The behavioral side of investing gets a lot of attention while the personal finance side often gets less than it deserves. That’s because how defensive you are with your finances helps determine how aggressive you can be with your portfolio. Put simply, it’s easier to roll with the market’s punches when everything outside your portfolio is in financially sound shape.
Peter Bernstein dwells on the impact of being wrong on investments because the consequences can go beyond losses. The nature of investing guarantees everyone will be wrong sometimes. That means unexpected gains in some cases (being wrong isn’t all bad) and losses in others.
How quickly you can recover from losses will have a big impact on your long-term wealth. There’s an obvious psychological hurdle to recovering from losses but the state of your finances impacts your ability to recover too. Bernstein calls it “staying power.”
In planning portfolio strategies, I have always been obsessed — perhaps too much so in some instances — with a rather negative but overwhelmingly important question: What are the consequences if I am wrong? I should stress that this question need by no means lead to an excessively conservative investment philosophy, for it has led me on a number of occasions to take much bigger risks for a client than a more conventional approach would have suggested as appropriate. But I do believe that no investment decision can be rationally arrived at unless they are a logical part of a strategy based upon the answer to this question.
This question really relates to the whole problem of risk, which is an inescapable component of the investment process. We simply do not know what the future holds. This means that we are perforce going to be wrong a certain amount of the time — but we also never know which decisions it is that will be the incorrect one (we are often right, in fact, for reasons that we never anticipated: is this actually being right or being wrong?). Hence, we must move ahead always on the assumption that the next decision may be the wrong one and with the realization that we must face the consequences if it is.
The consequences of being wrong essentially involve an examination of the opportunities to recoup any losses that may be incurred. And these opportunities will be determined by two different sets of conditions.
The first and most important condition is staying power. An investor who has a substantial income or a significant amount of cash reserves that can sustain him regardless of what happens to his cash reserves can let time work in his favor in recouping losses; the greatest disasters are really limited only to those investors who are forced to liquidate at moments dictated by external events — a loan to be repaid, a job lost, a tax bill not reserved for — rather than at moments dictated by investment considerations only…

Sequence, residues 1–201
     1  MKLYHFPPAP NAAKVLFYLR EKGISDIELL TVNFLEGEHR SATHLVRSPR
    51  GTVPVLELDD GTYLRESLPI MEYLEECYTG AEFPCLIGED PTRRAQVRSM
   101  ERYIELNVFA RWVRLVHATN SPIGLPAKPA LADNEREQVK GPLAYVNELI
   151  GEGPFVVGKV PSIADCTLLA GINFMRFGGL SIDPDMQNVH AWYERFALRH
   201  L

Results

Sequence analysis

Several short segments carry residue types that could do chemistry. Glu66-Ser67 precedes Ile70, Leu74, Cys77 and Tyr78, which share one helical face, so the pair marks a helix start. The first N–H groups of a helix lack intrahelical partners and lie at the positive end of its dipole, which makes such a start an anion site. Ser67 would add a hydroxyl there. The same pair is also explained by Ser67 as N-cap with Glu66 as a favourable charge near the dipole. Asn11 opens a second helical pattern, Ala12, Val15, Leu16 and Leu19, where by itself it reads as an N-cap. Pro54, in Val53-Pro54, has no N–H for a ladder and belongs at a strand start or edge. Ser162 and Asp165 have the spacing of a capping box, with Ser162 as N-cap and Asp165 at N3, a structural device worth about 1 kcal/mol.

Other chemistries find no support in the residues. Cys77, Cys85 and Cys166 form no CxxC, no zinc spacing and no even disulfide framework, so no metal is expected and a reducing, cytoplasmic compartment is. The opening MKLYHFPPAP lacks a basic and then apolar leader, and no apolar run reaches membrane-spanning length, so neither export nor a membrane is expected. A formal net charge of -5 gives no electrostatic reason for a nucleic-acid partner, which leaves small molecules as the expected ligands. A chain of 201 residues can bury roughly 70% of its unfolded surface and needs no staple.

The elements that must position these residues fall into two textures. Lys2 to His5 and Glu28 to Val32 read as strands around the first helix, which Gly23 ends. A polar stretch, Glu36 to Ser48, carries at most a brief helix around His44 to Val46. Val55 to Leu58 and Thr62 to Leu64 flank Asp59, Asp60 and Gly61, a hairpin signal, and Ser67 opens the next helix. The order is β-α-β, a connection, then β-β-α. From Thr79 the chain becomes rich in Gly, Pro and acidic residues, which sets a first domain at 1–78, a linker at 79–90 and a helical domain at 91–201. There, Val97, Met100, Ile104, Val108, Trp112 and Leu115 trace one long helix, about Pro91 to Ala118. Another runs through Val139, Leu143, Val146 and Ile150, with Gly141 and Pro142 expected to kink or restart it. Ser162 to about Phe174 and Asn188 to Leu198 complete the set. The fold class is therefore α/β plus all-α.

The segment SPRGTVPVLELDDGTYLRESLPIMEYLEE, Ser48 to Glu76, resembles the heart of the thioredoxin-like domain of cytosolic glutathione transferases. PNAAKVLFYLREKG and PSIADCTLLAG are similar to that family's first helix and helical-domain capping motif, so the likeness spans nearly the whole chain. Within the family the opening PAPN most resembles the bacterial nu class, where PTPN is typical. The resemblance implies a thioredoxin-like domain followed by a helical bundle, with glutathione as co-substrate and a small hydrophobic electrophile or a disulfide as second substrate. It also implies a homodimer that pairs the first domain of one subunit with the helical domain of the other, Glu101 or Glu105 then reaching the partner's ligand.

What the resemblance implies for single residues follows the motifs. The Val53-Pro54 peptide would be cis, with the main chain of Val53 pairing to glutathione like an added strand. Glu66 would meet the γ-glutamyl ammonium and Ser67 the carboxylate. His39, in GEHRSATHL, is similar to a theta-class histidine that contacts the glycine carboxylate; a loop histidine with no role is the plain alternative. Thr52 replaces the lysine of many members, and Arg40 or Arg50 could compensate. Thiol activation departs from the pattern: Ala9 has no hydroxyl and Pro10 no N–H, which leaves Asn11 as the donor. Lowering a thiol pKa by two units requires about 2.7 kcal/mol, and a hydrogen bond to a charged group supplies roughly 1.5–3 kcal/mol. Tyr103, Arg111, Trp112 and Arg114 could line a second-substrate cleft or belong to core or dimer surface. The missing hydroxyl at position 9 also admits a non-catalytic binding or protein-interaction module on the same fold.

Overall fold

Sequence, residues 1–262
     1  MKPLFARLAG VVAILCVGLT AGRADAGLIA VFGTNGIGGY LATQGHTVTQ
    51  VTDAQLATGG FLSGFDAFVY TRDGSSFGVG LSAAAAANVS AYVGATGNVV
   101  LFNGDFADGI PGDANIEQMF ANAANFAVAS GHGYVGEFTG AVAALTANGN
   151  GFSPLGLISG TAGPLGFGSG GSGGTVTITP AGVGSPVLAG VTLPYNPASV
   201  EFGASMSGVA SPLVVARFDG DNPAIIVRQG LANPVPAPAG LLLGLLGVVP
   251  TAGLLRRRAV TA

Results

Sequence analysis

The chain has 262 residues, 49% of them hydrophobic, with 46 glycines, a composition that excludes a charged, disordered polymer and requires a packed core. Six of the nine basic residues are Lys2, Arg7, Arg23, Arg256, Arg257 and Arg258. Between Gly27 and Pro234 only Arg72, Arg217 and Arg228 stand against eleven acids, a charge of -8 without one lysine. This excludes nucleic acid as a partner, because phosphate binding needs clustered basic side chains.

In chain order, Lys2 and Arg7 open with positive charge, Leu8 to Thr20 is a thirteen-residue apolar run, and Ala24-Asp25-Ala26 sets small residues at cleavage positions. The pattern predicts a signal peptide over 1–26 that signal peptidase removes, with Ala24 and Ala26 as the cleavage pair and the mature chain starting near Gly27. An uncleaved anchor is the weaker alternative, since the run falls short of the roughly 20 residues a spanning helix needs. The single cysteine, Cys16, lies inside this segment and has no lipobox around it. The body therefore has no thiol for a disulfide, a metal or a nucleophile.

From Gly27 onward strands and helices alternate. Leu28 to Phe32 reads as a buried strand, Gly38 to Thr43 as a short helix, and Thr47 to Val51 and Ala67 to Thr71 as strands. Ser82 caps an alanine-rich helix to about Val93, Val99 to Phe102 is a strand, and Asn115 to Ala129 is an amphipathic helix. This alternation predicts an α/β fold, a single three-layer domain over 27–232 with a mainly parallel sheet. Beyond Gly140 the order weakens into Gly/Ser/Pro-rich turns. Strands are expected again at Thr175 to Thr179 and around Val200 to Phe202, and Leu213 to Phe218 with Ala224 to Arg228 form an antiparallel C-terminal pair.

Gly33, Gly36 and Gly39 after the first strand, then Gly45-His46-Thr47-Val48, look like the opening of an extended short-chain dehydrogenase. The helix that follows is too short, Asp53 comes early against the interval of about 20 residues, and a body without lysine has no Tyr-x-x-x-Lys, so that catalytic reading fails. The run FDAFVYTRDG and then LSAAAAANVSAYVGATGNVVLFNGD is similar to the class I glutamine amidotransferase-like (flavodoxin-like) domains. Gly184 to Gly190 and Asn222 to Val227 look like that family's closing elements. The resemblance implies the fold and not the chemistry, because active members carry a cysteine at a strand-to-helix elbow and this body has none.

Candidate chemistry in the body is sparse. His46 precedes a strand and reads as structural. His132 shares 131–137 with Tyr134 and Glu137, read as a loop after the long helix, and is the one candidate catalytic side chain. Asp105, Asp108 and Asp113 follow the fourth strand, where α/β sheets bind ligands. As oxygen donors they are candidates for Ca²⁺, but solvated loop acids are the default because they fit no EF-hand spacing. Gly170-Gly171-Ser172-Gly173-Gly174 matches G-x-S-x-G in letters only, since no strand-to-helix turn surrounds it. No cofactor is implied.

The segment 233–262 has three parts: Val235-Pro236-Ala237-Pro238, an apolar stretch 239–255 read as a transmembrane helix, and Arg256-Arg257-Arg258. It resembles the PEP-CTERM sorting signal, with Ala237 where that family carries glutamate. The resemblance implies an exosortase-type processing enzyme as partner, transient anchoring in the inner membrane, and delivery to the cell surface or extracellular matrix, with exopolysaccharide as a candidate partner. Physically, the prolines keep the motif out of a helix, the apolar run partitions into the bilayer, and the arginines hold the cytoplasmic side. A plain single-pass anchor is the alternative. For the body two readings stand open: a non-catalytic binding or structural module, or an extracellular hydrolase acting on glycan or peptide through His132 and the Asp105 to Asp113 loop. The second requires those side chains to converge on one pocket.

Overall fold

The second condition for recouping losses is the nature of the investor’s decision-making ability. Given a reasonable period of time, because markets do fluctuate, it takes an extraordinary series of poor judgments to do a really bad job of investing. You may fail to make a killing or even to run with the fastest crowd, but it is really difficult to lose money at investing if you have the staying power to carry you over the bleak periods.
I make this rather bald statement on the basis of an important fact of arithmetic: you can lose no more than 100% of the money you invest in any one security, but you can make an infinite amount on it. This apparently obvious and superficial statement tells us something that is overwhelming significant for investors: a few good guesses can far outweigh many poor ones…
Thus, the consequences of the inevitable wrong decisions can be kept to a minimum if the investor has the staying power to remain in the game until the next throw of the dice and to avoid involuntary liquidation at the wrong moment. But the consequences can also one minimized if the investor has the time and opportunity to make a few lucky decisions that can readily offset the less fortunate ones.
The greater the staying power, the greater the risks the investors can take to try to find that magic killing.
Every market downturn has its share of casualties due to the combination of investing losses and selling. The voluntary response of panic selling gets warned about incessantly. And rightly so, because it creates the problem of having to buy back into the market. Which often leads to missing out on gains when the market recovers. But the possibility still exists that the mistake of selling can be corrected sooner rather than later.
Forced selling is equally important, if not more so because it can strike at any time if your finances are in poor shape. When you’re draining your portfolio to cover basic needs, it becomes impossible to recover from losses.
A sound base — suitable emergency savings, insurance, debt, and spending habits — provides the best defense against that possibility. In turn, you can be more aggressive in your portfolio.
And, who knows, maybe knowing you’ve got the financial security to withstand drawdowns, may offer the psychological trigger to avoid voluntary panic selling, as well.
Economist on Wall Street
- Marks Memo: 2020 in Review (pdf) – Oaktree
- A Conversation with Howard Marks – Epsilon Theory
- 40 “Invaluable” Investing Lessons From Tony Deden – The WoodShedd
- Too Much, Too Soon, Too Fast – M. Housel
- This Is the Secret to Business and Artistic Success – R. Holiday
- 17 Reasons to Let the Economic Optimism Begin – N. Irwin
- The OODA Loop: How Fighter Pilots Make Fast and Accurate Decisions – Farnam Street
- Moore’s Law for Everything – S. Altman
- The First Revisionist Historian – Lapham’s Quarterly